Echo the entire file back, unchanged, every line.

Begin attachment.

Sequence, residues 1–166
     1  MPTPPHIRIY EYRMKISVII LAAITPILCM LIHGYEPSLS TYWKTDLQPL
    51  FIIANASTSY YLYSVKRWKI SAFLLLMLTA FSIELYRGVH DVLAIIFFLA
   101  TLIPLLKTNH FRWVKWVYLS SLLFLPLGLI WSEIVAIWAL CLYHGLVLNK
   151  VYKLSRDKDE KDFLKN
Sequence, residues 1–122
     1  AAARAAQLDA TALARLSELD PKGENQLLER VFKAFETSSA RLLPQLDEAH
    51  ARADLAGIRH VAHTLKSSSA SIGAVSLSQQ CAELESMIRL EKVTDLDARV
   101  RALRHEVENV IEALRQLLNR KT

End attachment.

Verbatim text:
Sequence, residues 1–166
     1  MPTPPHIRIY EYRMKISVII LAAITPILCM LIHGYEPSLS TYWKTDLQPL
    51  FIIANASTSY YLYSVKRWKI SAFLLLMLTA FSIELYRGVH DVLAIIFFLA
   101  TLIPLLKTNH FRWVKWVYLS SLLFLPLGLI WSEIVAIWAL CLYHGLVLNK
   151  VYKLSRDKDE KDFLKN
Sequence, residues 1–122
     1  AAARAAQLDA TALARLSELD PKGENQLLER VFKAFETSSA RLLPQLDEAH
    51  ARADLAGIRH VAHTLKSSSA SIGAVSLSQQ CAELESMIRL EKVTDLDARV
   101  RALRHEVENV IEALRQLLNR KT